Africa

Ousted VP of Zimbabwe plotted to take power by witchcraft, Mugabe says

President Robert Mugabe said on Wednesday that he fired his deputy and longtime ally, Emmerson Mnangagwa, because he was scheming to take power, even by witchcraft.

Mugabe spoke publicly for the first time since dismissing Mnangagwa, who had been seen as Mugabe’s potential successor. Now Mugabe’s wife appears poised for the role.

The 93-year-old Mugabe told thousands of cheering supporters that the ousted deputy had plotted to take over since becoming a vice president in 2014.

Mnangagwa replaced Joice Mujuru, who had been ousted and accused by Mugabe of using witchcraft to take power.

“We have kicked him out for the same reasons that saw us chasing away Mujuru,” Mugabe said of Mnangagwa. The president added: “People were told that I will retire in March but I did not. Upon realizing that I wasn’t, he started consulting traditional healers on when I was going to die.”

First lady Grace Mugabe has been endorsed by ruling party groups to take over from Mnangagwa as vice president at a party congress next month, placing her in prime position to succeed her husband.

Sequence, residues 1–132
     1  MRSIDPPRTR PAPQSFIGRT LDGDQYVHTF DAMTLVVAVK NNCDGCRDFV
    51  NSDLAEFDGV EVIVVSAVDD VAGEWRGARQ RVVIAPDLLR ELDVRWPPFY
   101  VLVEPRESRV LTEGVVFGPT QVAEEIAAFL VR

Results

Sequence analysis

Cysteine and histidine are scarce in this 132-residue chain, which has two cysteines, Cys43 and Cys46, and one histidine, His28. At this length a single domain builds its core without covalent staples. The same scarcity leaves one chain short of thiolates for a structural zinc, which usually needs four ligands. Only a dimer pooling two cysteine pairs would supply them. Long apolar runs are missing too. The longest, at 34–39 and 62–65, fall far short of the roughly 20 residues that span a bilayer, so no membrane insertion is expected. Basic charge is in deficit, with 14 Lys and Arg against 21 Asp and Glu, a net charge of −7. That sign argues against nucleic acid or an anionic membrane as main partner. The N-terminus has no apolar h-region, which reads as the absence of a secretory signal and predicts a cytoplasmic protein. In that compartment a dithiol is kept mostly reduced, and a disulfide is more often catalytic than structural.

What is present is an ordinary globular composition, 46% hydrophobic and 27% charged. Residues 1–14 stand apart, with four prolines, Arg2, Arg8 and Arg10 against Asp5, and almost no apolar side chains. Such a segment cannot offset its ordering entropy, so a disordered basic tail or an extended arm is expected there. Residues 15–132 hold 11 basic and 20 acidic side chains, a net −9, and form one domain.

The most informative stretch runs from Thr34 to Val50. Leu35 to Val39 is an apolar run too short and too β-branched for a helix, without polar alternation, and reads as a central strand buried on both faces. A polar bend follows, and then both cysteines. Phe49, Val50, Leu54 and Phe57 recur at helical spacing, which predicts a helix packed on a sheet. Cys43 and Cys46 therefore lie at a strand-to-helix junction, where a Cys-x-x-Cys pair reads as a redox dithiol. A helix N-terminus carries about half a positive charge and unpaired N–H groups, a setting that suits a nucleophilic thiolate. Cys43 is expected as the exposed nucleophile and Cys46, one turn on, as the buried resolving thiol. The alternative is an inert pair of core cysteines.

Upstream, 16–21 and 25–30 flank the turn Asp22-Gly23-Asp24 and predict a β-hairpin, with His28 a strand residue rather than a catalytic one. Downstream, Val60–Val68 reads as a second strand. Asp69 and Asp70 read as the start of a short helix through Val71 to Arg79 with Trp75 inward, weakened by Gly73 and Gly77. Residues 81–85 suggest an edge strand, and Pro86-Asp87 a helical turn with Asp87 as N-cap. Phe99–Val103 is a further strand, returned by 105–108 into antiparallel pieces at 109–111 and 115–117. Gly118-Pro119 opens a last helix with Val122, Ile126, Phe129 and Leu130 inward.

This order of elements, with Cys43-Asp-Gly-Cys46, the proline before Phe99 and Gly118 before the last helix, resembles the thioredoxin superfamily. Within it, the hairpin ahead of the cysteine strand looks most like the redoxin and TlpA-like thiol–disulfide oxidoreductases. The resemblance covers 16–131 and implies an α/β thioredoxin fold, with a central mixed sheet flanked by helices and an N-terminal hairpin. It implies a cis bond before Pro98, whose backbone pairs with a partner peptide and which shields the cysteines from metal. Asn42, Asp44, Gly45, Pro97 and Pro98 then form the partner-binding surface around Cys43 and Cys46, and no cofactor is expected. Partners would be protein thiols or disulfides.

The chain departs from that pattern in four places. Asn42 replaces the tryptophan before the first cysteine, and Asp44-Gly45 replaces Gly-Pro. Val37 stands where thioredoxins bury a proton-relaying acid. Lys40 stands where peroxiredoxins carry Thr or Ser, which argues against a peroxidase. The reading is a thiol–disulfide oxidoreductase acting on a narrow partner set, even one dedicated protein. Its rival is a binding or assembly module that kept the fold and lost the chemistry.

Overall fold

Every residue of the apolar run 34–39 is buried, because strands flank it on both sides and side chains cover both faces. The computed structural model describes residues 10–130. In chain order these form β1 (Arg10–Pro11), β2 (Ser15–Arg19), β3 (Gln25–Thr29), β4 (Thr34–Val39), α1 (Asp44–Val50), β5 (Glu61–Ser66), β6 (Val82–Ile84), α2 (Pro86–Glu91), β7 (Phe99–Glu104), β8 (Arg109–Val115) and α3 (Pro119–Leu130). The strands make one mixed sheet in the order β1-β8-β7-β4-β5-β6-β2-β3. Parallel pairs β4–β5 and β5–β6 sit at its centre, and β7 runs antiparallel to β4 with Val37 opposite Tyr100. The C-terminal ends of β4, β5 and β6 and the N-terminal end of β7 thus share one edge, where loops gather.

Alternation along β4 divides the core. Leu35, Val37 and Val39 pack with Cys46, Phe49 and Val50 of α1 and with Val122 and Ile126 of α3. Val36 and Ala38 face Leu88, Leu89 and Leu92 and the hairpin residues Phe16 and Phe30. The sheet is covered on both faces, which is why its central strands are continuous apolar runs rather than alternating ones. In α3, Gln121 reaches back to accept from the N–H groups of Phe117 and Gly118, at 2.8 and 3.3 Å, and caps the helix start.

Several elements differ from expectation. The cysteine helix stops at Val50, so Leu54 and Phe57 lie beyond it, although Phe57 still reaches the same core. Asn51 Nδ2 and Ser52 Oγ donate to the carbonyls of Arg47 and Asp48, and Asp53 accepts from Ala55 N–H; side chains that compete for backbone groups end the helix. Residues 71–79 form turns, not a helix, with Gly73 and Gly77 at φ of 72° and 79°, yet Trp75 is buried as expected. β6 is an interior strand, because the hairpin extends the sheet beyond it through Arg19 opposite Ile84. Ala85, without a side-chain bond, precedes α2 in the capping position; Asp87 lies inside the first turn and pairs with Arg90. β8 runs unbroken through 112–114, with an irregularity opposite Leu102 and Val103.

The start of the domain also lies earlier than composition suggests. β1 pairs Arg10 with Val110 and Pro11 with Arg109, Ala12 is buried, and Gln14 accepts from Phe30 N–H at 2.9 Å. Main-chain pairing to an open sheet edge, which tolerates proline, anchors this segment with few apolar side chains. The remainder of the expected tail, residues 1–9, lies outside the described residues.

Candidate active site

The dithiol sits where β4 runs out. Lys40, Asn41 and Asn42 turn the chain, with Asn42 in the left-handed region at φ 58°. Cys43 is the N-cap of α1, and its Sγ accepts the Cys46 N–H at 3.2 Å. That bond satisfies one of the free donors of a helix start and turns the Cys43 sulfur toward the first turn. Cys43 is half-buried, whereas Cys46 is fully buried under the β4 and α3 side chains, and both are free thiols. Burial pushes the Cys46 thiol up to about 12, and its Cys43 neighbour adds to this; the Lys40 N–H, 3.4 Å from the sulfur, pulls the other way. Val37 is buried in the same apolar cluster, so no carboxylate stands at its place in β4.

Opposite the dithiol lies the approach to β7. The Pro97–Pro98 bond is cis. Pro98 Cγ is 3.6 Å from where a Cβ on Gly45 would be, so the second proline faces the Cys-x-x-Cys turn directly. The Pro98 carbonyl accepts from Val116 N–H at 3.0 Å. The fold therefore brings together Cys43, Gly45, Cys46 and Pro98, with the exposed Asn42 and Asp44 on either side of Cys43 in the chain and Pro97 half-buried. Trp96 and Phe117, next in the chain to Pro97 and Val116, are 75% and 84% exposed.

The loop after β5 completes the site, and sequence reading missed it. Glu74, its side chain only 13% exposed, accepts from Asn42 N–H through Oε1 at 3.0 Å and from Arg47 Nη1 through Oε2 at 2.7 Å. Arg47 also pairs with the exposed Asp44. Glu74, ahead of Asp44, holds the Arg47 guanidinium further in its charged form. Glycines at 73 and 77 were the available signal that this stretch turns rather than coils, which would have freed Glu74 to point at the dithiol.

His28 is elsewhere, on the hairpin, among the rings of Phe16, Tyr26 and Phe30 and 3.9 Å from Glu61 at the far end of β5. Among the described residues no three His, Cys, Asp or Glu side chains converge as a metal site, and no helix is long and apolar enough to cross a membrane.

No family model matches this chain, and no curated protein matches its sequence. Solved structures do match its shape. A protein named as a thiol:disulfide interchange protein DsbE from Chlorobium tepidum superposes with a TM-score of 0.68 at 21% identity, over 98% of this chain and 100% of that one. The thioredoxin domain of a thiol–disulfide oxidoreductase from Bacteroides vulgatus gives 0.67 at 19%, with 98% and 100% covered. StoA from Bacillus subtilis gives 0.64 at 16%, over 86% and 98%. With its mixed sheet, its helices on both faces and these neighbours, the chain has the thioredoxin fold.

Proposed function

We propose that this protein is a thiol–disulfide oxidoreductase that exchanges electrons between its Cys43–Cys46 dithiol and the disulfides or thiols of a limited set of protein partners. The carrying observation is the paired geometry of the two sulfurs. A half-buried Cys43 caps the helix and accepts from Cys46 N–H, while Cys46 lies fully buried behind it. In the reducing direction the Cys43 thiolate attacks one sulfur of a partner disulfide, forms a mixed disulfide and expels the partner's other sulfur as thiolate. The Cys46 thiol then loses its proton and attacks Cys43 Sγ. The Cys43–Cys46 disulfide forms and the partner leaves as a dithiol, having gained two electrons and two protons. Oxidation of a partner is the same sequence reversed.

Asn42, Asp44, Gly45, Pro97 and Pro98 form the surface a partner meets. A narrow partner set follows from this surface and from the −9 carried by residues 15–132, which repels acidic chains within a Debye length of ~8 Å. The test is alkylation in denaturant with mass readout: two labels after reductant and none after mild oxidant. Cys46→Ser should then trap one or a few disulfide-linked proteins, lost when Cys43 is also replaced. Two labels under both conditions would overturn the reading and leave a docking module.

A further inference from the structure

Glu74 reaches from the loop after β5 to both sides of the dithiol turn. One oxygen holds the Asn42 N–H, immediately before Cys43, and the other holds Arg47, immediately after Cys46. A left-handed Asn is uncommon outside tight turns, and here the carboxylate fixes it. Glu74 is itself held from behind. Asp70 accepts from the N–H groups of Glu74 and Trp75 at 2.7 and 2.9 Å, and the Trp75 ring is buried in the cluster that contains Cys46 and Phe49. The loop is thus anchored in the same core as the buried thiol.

“No one will remove the president except God,” the first lady told the crowd on Wednesday, without directly addressing her ambitions. “God grant me the serenity to accept things I can’t change. I love my president. I will help him to make the country prosper.” On Sunday, she said at a rally that she was ready to take over from her husband.

It was reported that Mnangagwa had left Zimbabwe. Senior officials who spoke before Mugabe and his wife aimed jibes at Mnangagwa, describing him a “border jumper.”

An ally of Mnangagwa, Chris Mutsvangwa, speaking to reporters in Johannesburg, described Mugabe as a “dictator” hoping to cling to power until his death and his wife as a “mad woman.”

“They want to seize power ahead of the election,” knowing they have lost popularity, Mutsvangwa said. Mugabe, the world’s oldest head of state, is already running for next year’s election.

Frustration has been growing in the once-prosperous southern African nation as the economy has deteriorated under Mugabe, who has been in power since independence from white minority rule in 1980.

Mnangagwa was the more prominent of the country’s two vice presidents and had been part of Mugabe’s cabinet since independence. He is said to have enjoyed the support of military generals and war veterans; his critics view him as ruthless because he was in charge of state security when Mugabe unleashed a North Korean-trained brigade to crush dissent in western Zimbabwe in the 1980s.

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